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American Whirl

I've written about American Girl before, such as this post. For those unacquainted with American Girl, it started off as a doll-based means for girls to learn about different periods of U.S. history, but it has developed into a phenomenal retail success story of overpriced Chinese-made junk sold in branded stores in high-end shopping malls (like, oh, say, the Stanford Shopping Center). It's a big deal for the 9-12 year old crowd.

I don't make a habit of creating posts about girls' dolls on Slope, but recently I treated my daughter to some (rare) television time so she could enjoy two different A.G. movies. One of them, Chrissa Stands Strong, came out in 2009 (meaning it was written and produced in 2008, during the throes of the financial crisis), and the one she watched the next night, Grace Stirs Up Success, came out only weeks ago (meaning it was written and produced in 2014, during the peak bullish mania).

Lest you think I threw on my footie pajamas, curled up in a blanket, and watched both of these insipid things...........I didn't. But I was in the room and saw enough to get the jist of each movie (which doesn't take a lot, given the one-dimensional characters and plot lines offered to children).

What struck me, having semi-witnessed both of these things over a 24 hour period, is how sharply different they were. The Chrissa one was relatively brutal: it featured a girl who moved into a new town who was subjected to the cruelty of the tall, pretty blonde girls in her class (which is a story that's only been done several thousand times, most recently in Pixar's Inside Out) and had a side-story about a girl who was homeless that managed to hide her homelessness from the others until she was "outed" by the bitchy blonde and brought to bitter tears.

Exhibit A: Bitchy Girls

I was kind of stunned watching this, because the nastiness seemed unrelenting. We've all had encounters with bullies before, but the emotional ugliness foisted on poor Chrissa never let up, and having upper-middle-class be-atches-in-training laugh and taunt an impoverished girl struck me as over-the-top, even for an American Girl movie.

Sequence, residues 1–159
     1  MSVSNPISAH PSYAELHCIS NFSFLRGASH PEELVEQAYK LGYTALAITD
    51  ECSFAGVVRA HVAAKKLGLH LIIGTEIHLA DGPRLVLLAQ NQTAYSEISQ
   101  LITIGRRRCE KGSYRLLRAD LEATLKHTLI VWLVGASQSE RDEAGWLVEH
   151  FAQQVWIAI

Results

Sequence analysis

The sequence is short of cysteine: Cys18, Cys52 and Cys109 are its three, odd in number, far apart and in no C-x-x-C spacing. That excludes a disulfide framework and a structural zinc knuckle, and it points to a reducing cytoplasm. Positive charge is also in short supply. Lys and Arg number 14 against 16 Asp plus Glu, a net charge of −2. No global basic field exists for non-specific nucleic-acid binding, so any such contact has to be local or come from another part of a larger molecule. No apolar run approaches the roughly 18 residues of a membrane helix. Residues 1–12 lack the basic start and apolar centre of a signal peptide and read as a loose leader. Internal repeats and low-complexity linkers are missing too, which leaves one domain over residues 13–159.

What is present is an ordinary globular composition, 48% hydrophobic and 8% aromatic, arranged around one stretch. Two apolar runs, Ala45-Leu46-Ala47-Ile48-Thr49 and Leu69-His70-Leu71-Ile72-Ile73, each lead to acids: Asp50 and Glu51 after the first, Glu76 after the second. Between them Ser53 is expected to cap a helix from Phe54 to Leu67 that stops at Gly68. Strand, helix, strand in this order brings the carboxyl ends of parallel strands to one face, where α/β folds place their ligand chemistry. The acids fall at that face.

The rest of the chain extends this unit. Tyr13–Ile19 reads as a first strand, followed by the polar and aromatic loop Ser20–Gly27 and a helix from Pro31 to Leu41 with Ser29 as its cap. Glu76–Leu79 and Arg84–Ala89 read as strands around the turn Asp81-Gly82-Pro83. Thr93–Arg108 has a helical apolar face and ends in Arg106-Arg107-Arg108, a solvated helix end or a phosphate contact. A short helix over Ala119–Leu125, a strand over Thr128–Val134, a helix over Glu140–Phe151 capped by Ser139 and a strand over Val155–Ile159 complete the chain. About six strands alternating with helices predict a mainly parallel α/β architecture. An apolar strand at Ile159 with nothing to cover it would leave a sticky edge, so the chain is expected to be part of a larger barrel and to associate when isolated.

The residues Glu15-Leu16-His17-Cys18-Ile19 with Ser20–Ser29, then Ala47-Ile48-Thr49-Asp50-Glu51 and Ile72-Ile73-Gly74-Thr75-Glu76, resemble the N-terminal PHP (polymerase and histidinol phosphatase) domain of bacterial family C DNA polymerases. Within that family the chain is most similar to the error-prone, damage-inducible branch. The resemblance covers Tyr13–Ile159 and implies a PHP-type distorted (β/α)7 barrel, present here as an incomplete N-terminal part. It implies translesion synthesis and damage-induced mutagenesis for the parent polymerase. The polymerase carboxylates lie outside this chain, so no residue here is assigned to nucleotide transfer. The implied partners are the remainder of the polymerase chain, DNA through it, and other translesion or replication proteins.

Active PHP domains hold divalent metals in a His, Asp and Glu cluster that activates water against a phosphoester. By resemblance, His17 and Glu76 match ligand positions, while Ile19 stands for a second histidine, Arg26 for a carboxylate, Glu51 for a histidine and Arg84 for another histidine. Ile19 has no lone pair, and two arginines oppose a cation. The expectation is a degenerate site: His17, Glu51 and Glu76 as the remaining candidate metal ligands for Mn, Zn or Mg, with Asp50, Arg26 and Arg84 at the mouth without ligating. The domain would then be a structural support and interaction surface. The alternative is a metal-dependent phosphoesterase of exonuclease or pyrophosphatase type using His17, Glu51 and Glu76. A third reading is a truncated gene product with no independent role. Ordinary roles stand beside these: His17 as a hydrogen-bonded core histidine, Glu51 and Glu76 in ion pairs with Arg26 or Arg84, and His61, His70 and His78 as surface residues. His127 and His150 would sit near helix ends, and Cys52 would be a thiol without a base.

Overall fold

None of this really sunk in until the next movie, which was so sickly-sweet that I probably have type 2 diabetes now. Throughout the entire piece, the most violent "conflict" came when one of Grace's friends suggest that maybe she not be so bossy. But that was it. It was 99% sweetness and light, and it ended with the kid (Grace) winning $100,000 from a baking contest held on Food Network (one of the many, many product tie-ins during the movie) and, naturally, giving the money to her grandparents to upgrade their bakery.

Grace is Latina, even though her parents and grandparents are lily white. This is never explained.

Now I don't normally put huge amounts of faith in the nascent realm of Socionomics (championed by Elliott Waver Bob Prechter), but I've always thought that, yes, there is some crude correlation between social mood and financial markets. During the 2009 Academy Awards (held early in 2009, very near the bottom of the financial crisis), I remember Jon Stewart marveling that the two huge winners that year were There Will Be Blood and No Country For Old Men by saying "Does this country need a hug?" Well, Jon, actually, yeah, it kinda did.

It's the same story with these two movies: the one made in 2008 is packed with meanness, financial insecurity, shame, and back-stabbing. The one that just came out is nonstop saccharine (which, for a chap like me, is a bit hard to take). I guess it helps illustrates the times we live in, and the mindset of the populace............including the consumers-in-training known as eleven year old girls.